Intel aims parallelism aid at open source fans
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OSCON Hoping to inspire people to write code that can run on its multi-core processors, Intel has open sourced one of its development packages.
Users of all shapes and sizes can now download the code for Intel's Threading Building Blocks (TBB) – a C++ template library that caters to the design of parallel code. By open-sourcing this product under the GPLv2 (General Public License), Intel expects more developers – particularly those playing with Linux – will give parallel programming a go. This is a self-serving effort in that Intel desperately needs an influx of parallel code in the coming years, so that software will run well across multi-core chips.
Intel pitches TBB as a way to remove some of the headaches associated with parallel programming, where you split up code and run it across a number of systems – in this case, cores – at the same time. Most developers have relied on writing single-threaded code that can run faster and faster as Intel or AMD's ups the GHz of its chips. These chip makers, however, have started to place less emphasis on increasing clock rates, opting to pack chips full of slower cores instead. It's unlikely that the software industry will see historical performance gains on these multi-core chips without embracing parallel programming – quickly.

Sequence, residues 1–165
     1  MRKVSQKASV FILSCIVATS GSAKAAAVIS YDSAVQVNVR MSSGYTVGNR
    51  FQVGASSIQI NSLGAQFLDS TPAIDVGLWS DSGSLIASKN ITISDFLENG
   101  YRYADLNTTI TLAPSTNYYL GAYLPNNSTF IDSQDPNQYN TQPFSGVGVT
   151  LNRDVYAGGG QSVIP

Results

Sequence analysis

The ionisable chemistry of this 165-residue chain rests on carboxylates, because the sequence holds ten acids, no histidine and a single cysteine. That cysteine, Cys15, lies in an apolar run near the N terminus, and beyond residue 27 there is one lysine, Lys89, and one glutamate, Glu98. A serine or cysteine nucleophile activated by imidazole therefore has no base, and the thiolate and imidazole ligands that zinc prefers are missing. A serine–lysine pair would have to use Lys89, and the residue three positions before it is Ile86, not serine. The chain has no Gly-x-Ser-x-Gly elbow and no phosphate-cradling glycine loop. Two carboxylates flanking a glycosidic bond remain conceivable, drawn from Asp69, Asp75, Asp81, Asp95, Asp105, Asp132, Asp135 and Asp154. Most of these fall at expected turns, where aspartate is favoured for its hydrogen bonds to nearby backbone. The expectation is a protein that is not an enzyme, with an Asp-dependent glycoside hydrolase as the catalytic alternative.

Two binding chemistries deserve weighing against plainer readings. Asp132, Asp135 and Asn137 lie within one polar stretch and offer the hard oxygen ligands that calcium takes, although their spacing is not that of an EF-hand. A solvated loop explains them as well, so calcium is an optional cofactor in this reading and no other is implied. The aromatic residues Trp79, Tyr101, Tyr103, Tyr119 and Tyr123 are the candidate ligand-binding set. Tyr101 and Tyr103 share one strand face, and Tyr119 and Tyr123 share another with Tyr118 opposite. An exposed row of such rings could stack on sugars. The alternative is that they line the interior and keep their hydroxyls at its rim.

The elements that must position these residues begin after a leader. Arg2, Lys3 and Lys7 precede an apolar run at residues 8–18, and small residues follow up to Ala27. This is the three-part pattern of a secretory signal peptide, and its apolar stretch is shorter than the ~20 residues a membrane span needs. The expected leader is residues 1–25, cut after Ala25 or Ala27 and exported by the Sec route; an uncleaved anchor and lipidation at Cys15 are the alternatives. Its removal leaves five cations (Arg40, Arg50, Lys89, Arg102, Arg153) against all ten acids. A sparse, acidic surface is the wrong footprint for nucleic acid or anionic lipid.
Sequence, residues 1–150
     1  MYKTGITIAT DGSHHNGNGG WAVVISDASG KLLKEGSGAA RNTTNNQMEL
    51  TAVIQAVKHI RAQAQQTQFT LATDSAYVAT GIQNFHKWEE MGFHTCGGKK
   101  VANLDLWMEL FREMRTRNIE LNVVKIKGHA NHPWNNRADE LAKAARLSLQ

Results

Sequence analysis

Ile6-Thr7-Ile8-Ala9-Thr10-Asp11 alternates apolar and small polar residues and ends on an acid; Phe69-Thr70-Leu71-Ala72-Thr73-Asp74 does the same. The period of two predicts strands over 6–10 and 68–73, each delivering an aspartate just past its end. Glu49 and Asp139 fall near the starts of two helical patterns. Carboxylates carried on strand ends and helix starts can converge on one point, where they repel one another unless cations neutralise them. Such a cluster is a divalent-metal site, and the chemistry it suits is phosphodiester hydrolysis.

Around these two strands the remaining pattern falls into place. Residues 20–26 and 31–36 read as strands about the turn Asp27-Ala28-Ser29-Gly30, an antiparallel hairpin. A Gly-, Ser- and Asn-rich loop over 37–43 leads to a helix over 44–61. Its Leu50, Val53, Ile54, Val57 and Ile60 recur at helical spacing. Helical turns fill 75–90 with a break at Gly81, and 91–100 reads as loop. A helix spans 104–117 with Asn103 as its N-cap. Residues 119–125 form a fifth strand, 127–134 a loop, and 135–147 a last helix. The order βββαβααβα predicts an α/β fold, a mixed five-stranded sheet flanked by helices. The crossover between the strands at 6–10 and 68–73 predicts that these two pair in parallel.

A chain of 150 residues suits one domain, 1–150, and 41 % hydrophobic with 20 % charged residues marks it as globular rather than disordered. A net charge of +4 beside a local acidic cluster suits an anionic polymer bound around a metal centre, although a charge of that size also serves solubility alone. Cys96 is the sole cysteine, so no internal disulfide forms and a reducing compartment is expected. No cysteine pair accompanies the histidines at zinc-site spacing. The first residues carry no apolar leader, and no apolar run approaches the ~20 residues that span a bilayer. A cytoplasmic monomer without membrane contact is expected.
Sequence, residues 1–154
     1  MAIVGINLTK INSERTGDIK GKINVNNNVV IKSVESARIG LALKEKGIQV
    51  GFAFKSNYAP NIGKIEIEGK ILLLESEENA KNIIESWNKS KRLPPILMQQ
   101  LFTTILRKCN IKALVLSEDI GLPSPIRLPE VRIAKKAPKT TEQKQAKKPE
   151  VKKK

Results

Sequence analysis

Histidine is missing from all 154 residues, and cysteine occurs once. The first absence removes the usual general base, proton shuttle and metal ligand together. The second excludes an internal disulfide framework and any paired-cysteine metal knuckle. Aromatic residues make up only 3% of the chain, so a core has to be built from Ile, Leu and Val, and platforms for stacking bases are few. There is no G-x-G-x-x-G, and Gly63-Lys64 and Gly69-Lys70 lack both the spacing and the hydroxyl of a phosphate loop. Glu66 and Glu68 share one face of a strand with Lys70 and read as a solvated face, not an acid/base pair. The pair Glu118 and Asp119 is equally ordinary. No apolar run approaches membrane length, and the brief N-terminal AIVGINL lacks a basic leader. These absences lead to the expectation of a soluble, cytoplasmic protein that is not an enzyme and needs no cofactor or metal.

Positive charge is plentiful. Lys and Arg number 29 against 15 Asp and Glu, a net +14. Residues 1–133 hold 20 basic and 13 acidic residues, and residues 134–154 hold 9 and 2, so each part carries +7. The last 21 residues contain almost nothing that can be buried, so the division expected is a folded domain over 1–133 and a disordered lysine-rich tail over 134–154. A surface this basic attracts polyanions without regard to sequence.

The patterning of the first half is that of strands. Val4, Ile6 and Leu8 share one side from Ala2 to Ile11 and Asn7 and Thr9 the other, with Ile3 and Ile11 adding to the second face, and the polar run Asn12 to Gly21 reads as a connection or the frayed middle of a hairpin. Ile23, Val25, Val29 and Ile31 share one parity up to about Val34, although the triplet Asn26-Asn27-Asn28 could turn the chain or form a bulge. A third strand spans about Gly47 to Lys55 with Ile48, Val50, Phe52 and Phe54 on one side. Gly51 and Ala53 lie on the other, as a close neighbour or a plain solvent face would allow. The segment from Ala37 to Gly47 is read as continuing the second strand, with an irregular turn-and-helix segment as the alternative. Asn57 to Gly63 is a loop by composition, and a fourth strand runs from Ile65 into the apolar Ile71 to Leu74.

TBB creates an abstraction layer that lets developers sidestep threading packages such as p-threads or Windows threads.
James Reinders, a senior engineer at Intel speaking here at the OSCON show, described TBB as a set of algorithm templates with a "well-defined" API (application programming interface) for its task scheduler. There's also a scalable memory allocator "competitive with anything out there."
TBB works with Microsoft, GNU and Intel compilers and should work with Sun's compiler in the near future. It also works with both weak and strong memory ordering.
Obviously, the software has been geared for Intel's chips, although it has been run on a G5-based Mac and could be taken to new chips now that it's open source. Linux, Windows, Mac OSX, Solaris and FreeBSD are all supported operating systems.
Intel offers commercial support for TBB 2.0 at $299. The commercial version of the software was included with the release of Intel C++ Compiler Professional Editions 10.0.
One very important note is that Intel has a TBB contest in play. Only open source coders need apply.
In addition, have a look-see as the mobile Linux project. ®